Thursday, December 18, 2008

Pregnancy Week 22: Enjoy your womb-house while you've got it, Baby! Once out, you'll be a renter!

Even with low interest rates, a "buyers' market", excellent credit, a generous contribution from my in-laws (thank you!), Mike's MBA and good job, we still cannot find an affordable, decent house that is close to his work and in a good school district.

We have been looking at houses since April, seeing over 100 by now, but we still carry forth with determined resolve and hope. After all, Everyone keeps telling us, "The right house for you is out there. I'm sure it will come to you. Everything will work out for the best." And Everyone can't be wrong. Right?

After being burned by two near-hit houses in the Spring and Summer, we finally decide to put an offer in on a house this week in the same town we live in now. Actually, we put two offers in on two separate houses. The offers are low, but isn't Everyone saying to us that's okay? In this economy, we have a chance? "Who knows," Everyone says, "maybe the seller is desperate to get rid of the house?"

I listen to Everyone and nod and smile and agree, "Who knows?" And part of me feels that wonder, that same covert excitement when you are staring at a lottery ticket you know will not bring you more than $2...but still...

Logically, Mike and I know better. Westchester County is a bubble within the real estate market that has not been touched greatly by the slow economy (no matter what our agent claims). It is particularly difficult in our town, since the schools are good and taxes are relatively low (Westchester was recently ranked the county with the highest property taxes in the US, our unfortunate claim to fame). Houses pretty much sell at the asking price in our town, or $5-$20K under, which, on an $800K house, is not much off the tag (and we are definitely not looking at houses even close to $800K).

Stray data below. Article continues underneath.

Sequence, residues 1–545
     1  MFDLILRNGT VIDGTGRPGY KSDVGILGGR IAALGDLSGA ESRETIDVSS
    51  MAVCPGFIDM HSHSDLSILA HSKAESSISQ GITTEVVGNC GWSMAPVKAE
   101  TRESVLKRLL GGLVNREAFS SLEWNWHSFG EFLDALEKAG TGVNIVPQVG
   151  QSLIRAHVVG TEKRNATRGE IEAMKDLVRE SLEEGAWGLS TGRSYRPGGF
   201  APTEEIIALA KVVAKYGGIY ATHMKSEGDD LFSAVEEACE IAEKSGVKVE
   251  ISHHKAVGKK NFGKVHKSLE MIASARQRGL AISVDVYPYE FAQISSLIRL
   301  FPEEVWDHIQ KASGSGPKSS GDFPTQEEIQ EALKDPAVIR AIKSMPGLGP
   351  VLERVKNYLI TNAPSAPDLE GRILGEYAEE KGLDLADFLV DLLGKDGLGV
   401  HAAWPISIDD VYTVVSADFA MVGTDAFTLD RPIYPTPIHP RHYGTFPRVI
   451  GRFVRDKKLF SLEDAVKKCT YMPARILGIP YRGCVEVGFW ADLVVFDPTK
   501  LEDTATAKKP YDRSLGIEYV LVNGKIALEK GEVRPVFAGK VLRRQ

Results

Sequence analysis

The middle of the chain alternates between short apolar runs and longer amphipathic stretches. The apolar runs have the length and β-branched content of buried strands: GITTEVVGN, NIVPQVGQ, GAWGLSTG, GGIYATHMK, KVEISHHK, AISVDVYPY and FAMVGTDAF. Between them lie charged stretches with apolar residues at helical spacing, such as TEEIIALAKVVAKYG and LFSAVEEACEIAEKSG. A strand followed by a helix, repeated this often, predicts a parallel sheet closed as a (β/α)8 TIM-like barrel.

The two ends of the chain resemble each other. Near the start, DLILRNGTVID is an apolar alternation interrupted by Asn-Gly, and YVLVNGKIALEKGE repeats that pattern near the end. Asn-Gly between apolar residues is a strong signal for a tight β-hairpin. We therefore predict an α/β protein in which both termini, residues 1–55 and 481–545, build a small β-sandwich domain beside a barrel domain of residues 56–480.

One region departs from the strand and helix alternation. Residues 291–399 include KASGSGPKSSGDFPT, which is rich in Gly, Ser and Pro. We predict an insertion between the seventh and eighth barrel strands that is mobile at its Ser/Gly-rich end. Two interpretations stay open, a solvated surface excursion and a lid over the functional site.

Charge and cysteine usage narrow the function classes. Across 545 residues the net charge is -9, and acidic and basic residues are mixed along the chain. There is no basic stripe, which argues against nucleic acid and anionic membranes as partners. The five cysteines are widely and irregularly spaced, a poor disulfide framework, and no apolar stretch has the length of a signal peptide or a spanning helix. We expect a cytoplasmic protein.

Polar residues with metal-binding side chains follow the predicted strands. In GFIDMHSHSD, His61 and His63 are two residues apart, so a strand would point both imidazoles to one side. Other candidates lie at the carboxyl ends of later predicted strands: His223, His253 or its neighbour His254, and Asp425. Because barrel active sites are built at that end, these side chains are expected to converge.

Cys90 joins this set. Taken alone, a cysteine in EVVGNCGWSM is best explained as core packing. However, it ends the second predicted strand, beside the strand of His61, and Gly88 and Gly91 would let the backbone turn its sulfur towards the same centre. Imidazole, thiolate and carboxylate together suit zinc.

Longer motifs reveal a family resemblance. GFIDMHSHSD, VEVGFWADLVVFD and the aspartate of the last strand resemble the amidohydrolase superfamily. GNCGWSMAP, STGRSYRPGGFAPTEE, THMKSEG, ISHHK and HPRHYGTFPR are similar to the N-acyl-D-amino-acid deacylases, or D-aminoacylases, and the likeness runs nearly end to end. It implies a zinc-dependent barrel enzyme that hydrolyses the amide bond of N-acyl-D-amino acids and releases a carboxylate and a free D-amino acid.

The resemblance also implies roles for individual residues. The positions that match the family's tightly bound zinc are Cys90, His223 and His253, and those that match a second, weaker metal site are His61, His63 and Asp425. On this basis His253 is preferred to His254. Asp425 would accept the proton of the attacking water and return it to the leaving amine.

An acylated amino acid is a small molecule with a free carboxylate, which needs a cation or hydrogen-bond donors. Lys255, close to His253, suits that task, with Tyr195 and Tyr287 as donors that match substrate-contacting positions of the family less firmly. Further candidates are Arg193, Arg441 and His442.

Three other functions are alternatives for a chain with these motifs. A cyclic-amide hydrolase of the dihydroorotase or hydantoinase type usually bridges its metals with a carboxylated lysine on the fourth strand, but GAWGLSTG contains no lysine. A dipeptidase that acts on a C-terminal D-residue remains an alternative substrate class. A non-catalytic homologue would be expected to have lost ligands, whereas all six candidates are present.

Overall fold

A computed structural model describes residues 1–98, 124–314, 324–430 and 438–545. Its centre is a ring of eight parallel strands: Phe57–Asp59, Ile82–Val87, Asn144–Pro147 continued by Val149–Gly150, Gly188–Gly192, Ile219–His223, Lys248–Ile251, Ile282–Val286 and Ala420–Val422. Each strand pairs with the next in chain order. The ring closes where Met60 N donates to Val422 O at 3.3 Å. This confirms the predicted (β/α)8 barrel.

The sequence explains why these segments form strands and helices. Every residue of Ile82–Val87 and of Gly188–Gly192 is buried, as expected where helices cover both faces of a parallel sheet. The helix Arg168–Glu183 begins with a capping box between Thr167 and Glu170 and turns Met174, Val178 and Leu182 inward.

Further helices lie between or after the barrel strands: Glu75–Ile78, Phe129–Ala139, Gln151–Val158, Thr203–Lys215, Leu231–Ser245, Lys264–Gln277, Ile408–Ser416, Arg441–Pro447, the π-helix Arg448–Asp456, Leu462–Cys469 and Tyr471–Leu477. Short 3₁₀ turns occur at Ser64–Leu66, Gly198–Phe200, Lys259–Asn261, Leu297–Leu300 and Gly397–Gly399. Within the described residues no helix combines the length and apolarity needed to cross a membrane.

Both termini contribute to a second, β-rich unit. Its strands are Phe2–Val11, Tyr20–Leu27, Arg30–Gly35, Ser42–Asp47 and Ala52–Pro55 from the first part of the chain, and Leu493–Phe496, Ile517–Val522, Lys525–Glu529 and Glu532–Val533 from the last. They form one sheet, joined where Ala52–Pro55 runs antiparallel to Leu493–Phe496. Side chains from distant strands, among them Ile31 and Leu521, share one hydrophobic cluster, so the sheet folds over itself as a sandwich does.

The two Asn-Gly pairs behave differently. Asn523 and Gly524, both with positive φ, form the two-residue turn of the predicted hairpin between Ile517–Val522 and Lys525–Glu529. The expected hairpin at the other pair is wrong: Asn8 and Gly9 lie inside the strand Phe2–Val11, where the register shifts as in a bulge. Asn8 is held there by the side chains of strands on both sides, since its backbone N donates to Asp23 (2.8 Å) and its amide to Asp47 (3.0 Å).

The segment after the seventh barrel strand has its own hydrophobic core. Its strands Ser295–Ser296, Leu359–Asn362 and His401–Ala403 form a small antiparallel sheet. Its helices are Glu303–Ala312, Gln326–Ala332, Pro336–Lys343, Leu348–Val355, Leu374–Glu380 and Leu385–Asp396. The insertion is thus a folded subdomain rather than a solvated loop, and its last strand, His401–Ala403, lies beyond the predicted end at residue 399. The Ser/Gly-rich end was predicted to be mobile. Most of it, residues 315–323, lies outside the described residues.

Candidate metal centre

Yet we make our valiant effort and get back on that housing horse once more. I submit our offers to our agent, reminding her we have excellent credit, will put down a sizable down payment, are renting and can move as quickly or as slowly as the seller wants...But I am no more nervous or excited about the offer than I am when I look at a lottery ticket. So, I am not surprised when our agent emails us back:

"She says your offer is much too low & the owners have decided not to counter offer at this time."

Well, that says it all.

Similar response for the other offer the next day:

"the owner will not come back with a counter offer, he feels it has been on the mkt such a short time & he has had a lot of interest so far & someone is coming for the second time this afternoon, also, he says he still has to put some money into it especially oil tank etc. "

Makes sense.

So here we are. Could we bid higher? Perhaps a little. Probably not enough to cause them to consider us any more seriously though. And should we come close to the asking price, we will end up struggling to pay bills, sitting in a candlelit room and contributing to the whole housing crisis we're currently trying to benefit from.

So the daunting task of cleaning out our small apartment guest room and turning it into a baby room is becoming more and more of a realization as I enter into my sixth month.

But really, when I think of the ultrasound where we saw our baby squirming around with his little legs curled over his face, when I feel him kicking me and pushing at me and banging into me because he is, after all, rather squashed in there...I imagine he will be quite happy to have a tiny apartment baby room.

And we will be quite happy to be able to afford car insurance and heat and an occasional Quizno's flatbread sandwich.

So while we did not "get" the houses, Everyone is right in one regard--that some things do work out for the best. Because Mike can tell you, renting or owning, I really do like my heat!

1 comment:

Mike said...

So true. Who wouldn't want to move into a place that's at least 200x bigger than a previous place of residence? Baby will be psyched. And maybe I need to consider a line of work that will let us sever our connection to metropolitan industries...and move out to a more affordable 'burb. (sigh)